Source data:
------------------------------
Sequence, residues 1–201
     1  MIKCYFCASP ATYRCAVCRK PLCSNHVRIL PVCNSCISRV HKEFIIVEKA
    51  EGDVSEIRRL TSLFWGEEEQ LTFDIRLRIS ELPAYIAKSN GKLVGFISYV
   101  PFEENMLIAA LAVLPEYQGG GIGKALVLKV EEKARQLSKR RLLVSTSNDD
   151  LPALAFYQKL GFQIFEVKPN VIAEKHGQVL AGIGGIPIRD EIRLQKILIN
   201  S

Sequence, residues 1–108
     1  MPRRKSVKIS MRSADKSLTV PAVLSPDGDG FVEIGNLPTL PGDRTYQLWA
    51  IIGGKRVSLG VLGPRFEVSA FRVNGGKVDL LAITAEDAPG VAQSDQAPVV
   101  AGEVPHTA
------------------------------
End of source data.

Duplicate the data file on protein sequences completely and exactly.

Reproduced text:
Sequence, residues 1–201
     1  MIKCYFCASP ATYRCAVCRK PLCSNHVRIL PVCNSCISRV HKEFIIVEKA
    51  EGDVSEIRRL TSLFWGEEEQ LTFDIRLRIS ELPAYIAKSN GKLVGFISYV
   101  PFEENMLIAA LAVLPEYQGG GIGKALVLKV EEKARQLSKR RLLVSTSNDD
   151  LPALAFYQKL GFQIFEVKPN VIAEKHGQVL AGIGGIPIRD EIRLQKILIN
   201  S

Sequence, residues 1–108
     1  MPRRKSVKIS MRSADKSLTV PAVLSPDGDG FVEIGNLPTL PGDRTYQLWA
    51  IIGGKRVSLG VLGPRFEVSA FRVNGGKVDL LAITAEDAPG VAQSDQAPVV
   101  AGEVPHTA